Verizon Should Resist the ATandT, T-Mobile Buyout: 10 Ways to Do It

By Don Reisinger  |  Posted 2011-03-21 Print this article Print

News Analysis: AT&T is offering a boatload of cash to buy out T-Mobile. While Verizon has to fight back against the deal, it will have an uphill battle to try to block or outbid its giant rival.

 In a blockbuster move that could have serious ramifications on the wireless industry, AT&T announced on March 20 that it plans to acquire T-Mobile USA from Deutsche Telekom in a deal valued at about $39 billion. The combined company will have nearly 130 million subscribers if the deal is able to make its way through regulatory approval.

When AT&T announced its deal with T-Mobile USA, it was clear from the beginning that Verizon, AT&T's chief competitor, would be in for some trouble. For years now, the companies have been jockeying for first place in the U.S. wireless business, in terms of subscribers. And it's clear now that if AT&T secures T-Mobile USA, Verizon will have some serious work to do if it wants to catch up.

But that doesn't mean all is lost for Verizon. Quite the contrary. The company can do quite a bit to resist the T-Mobile acquisition and fight back against AT&T becoming a dominant force in the industry.

Read on to find out what it can do:

1. Take the fight to Congress

In order for AT&T to get its hands on T-Mobile, the company must get through regulatory approval that most believe will take a substantial amount of time. Over the next several months, Verizon must take its case to Congress and explain why it believes the merger between the companies is bad for consumers and the industry as a whole. It has significant clout in Washington, D.C. The time has come for Verizon to put that clout to good use to block this deal.

2. Make Apple see its point

So far, Apple hasn't said how it feels about AT&T trying to acquire T-Mobile. Since the beginning, AT&T and Apple have been close allies. But if AT&T secures T-Mobile, the company will have more leverage than ever. AT&T might use that leverage to impose its will on Apple. Considering Apple and Steve Jobs typically don't respond well to that, maybe Verizon can play the good guy with that company. As much as it might not like it, Verizon should be more willing to accept Apple's terms going forward. Such a response could make Apple view Verizon more favorably and possibly give it preferential treatment when new iPhones are launched. At this point, Verizon needs all the allies it can find.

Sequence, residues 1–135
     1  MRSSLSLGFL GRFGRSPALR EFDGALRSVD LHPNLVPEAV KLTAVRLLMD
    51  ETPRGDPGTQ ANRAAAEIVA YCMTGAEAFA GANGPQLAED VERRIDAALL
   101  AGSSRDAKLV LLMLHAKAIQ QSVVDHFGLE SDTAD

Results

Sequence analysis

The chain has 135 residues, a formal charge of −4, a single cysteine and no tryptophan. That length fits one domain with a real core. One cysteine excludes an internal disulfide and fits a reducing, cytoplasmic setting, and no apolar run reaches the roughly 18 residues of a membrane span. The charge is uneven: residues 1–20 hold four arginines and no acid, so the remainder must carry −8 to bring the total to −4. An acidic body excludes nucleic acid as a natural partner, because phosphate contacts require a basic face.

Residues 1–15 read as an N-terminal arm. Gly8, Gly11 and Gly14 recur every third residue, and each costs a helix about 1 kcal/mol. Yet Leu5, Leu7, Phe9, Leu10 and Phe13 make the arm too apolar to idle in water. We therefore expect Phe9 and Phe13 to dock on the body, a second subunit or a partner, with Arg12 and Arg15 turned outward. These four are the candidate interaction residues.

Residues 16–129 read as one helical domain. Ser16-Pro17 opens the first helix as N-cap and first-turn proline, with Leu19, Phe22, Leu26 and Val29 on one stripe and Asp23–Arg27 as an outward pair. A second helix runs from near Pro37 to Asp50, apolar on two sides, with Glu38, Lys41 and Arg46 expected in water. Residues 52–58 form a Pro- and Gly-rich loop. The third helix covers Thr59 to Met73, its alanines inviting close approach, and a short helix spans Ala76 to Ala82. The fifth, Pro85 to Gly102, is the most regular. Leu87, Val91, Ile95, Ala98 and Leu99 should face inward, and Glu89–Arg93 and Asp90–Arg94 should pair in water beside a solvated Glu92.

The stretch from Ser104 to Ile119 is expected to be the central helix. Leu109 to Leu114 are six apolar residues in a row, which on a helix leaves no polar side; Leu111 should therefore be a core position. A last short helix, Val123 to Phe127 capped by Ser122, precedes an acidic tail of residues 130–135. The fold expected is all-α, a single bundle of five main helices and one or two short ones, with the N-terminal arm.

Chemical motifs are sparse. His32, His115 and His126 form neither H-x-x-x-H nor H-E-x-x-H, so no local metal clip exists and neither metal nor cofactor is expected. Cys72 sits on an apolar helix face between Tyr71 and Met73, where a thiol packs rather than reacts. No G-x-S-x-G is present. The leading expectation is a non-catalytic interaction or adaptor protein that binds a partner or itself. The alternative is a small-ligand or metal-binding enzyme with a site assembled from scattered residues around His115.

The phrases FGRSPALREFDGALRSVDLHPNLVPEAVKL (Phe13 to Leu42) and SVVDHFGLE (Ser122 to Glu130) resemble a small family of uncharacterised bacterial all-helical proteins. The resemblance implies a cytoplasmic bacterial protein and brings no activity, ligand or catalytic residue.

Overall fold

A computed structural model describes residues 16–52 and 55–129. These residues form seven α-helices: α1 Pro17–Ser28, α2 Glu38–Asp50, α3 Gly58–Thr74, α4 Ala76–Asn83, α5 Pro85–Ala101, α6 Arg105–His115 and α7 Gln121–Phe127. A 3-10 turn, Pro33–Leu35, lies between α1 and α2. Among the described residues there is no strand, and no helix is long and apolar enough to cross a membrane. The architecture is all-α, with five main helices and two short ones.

3. Double down on Android

Google's Android platform has proved extremely successful on Verizon's network. But it's not the only carrier selling Android-based devices. All four carriers are. But after AT&T buys T-Mobile, Android handset makers will have only one GSM carrier to work with, which means they lose all their leverage if they want to offer a GSM device. If Verizon can find a way to use that to its advantage and offer more favorable terms to Android handset makers, the company might be able to solidify itself as the go-to carrier for Android devices. If it can do that, given Android's growth as of late, it might be able to close the subscriber gap against the greatly enlarged post-merger AT&T.

4. Speak to the consumers

In an industry where there are few companies competing for consumers already, consolidation usually doesn't bode well for customers. Realizing that, Verizon should try to take its message to consumers to get them to rebel against the AT&T-T-Mobile USA deal. Moreover, if the deal goes through, Verizon should make itself look like the victim, the "good" force against the "evil" giant. In most cases, consumers respond well to that.

Don Reisinger is a freelance technology columnist. He started writing about technology for Ziff-Davis' Since then, he has written extremely popular columns for, Computerworld, InformationWeek, and others. He has appeared numerous times on national television to share his expertise with viewers. You can follow his every move at

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